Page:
The tourism infrastructure in Budapest has developed extensively over the years with strong support from the Ministry of Tourism. There are many high-quality hotels and restaurants; and it seems new ones are appearing every few months.
Lodging rates in Budapest have risen considerably, becoming more comparable to the rates of other European capitals. With that said, hotel occupancy has been decreasing over the last few years and dramatically in 2011. Reports have shown that many hotels are fewer than 50% occupancy during some peak periods, so deals can be had if you are a savvy Internet bargain hunter. After doing your research, compare the rates you have found with the hotel’s website to look for specials. Don’t stop until you try e-mailing the hotel directly to see if there are any unadvertised specials or discounts they are willing to offer.
In the past, during the high season from April or May to the end of September, it was difficult to get your first choice of a room in your first choice of hotel, but this has eased over the last few years. However, if you wait for the last minute to book, it could still hold true. During the Hungarian Formula One weekend or the Sziget Festival, it can be quite difficult to secure a hotel or pension room or even a hostel bed, so make reservations and get written confirmation well in advance of your stay.
You may find cheap accommodations in Budapest here.
There are a number of recommendable budget accommodations in Budapest. Travelers have the advantage of choosing from a wealth of perfectly acceptable options. Small pensions sometimes called panziós, self-catering apartments, and a number of good youth hostels make the city inviting to travelers on any budget.
Remember the realtor phrase: location, location, location. The location of your accommodations is a significant factor in cost. Normally, one can expect to pay more for the location, the history, and the reputation of a place; being in the center of the city will inflate the cost. Returning late in the evening to some parts of the city can be trickier than in the past. Question the transportation options carefully. There is nothing worse than having to end a pleasant evening early just to catch the last transport back to your hotel. Remember, time is precious and you don’t want to spend too much of it on public transport.
Accommodations agencies generally hesitate recommending a private accommodation for most people, because of potential language barriers. Hungarian is so different a language that travelers may feel isolated if they book with non-English-speaking families. However, if you are feeling brave and want to try this option, the most-established accommodations agency is the former state-owned travel agent Ibusz. The main Ibusz reservations office is at Ferenciek tere 10. ( 00 36 1 501-4911; www.ibusz.hu), accessible by the Blue metro line. This office is open year-round Monday through Friday 9am to 6pm.
Many, but not all hotels and pensions in Budapest, divide the year into three seasons. High season is roughly from March or April through September or October. Easter week and the period of the Budapest Spring Festival (mid- to late March) are also considered high season by some hotels. Special season includes the weekend of the Hungarian Formula One, and New Year’s Eve. A few places consider Easter part of this season also, but it seems fewer than in the past. Low season is roughly November through February, with the exceptions above. Some hotels discount as much as 30% in low season, while others offer no specified winter discounts, yet with occupancy rates at an incredible low they do sneak in web specials, so be sure to inquire.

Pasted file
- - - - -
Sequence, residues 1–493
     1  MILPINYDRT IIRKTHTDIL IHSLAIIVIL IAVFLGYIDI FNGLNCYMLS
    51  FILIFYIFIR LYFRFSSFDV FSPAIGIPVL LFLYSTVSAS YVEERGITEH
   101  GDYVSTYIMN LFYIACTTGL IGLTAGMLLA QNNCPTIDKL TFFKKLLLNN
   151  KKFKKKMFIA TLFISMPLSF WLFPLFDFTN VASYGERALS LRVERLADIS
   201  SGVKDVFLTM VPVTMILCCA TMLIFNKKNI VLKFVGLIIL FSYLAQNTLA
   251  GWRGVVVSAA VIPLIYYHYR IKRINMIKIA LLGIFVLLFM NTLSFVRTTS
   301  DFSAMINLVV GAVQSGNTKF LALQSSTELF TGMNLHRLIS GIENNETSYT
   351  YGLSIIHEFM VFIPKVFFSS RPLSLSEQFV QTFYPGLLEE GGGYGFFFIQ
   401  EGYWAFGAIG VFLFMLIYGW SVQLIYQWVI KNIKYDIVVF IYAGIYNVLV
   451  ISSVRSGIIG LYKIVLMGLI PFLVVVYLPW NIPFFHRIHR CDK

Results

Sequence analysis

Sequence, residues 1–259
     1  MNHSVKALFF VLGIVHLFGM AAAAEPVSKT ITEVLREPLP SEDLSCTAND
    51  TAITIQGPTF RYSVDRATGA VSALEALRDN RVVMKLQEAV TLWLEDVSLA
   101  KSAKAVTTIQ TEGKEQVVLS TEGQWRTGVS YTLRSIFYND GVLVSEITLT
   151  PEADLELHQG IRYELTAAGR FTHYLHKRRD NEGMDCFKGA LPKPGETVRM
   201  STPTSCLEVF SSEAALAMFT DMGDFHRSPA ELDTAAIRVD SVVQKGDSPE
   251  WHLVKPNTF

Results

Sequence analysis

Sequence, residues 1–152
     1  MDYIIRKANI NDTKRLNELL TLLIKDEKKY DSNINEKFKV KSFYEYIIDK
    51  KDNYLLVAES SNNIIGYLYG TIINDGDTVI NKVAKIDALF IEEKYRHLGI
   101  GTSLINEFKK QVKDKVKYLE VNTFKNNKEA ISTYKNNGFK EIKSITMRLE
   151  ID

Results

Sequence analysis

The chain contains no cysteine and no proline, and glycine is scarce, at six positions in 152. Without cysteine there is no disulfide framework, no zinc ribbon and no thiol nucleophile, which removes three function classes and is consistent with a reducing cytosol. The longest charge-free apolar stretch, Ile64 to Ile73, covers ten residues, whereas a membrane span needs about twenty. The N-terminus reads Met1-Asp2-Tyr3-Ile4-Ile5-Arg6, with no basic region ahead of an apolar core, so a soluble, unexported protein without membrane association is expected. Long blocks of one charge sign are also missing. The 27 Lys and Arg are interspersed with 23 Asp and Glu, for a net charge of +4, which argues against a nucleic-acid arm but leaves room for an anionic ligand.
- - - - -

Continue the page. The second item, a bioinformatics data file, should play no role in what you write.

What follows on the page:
The majority of hotels and pensions in Budapest list their prices in euros, so the rates are listed on this website as the hotel designates. Listing rates in euros is not just intended as a means of transition to the E.U. currency, it is also a hedge against forint inflation (though the forint has had significant highs and lows over the past few years). All hotels in Budapest accept payment in Hungarian forints as well as in foreign currencies, but their rates will be much more to their advantage than yours.
If paying with a currency other than Hungarian forints or euros, exchange your currency on the street at authorized booths and then pay the hotel. Exchange rates fluctuate daily, of course, so the price of a room in euro-to-forint and other currencies will change accordingly.
All hotels are required to charge a whopping 18% value-added tax (VAT), an increase instituted in July 2009. Most build the tax into their rates, while a few tack it on top of their rates. When booking a room, ask whether the VAT is included in the quoted price. Unless otherwise indicated, prices in this book include the VAT.
Hotels in Hungary are rated by the international five-star system. In our view, however, the ratings are somewhat arbitrary and are not included in our entries for that reason.
Note: We have discovered that just about every accommodation has some Internet specials or packages on its website. Just like the airlines, hotels continually gauge their occupancy and change rates according to room availability; but they all say that the early bird gets the biggest discount.
We have found that smaller hotel and pension websites are not frequently updated with respect to rates. If they don’t have online booking capabilities, make sure to call or e-mail them to confirm rates. If you can book online, the rates should be current and accurate.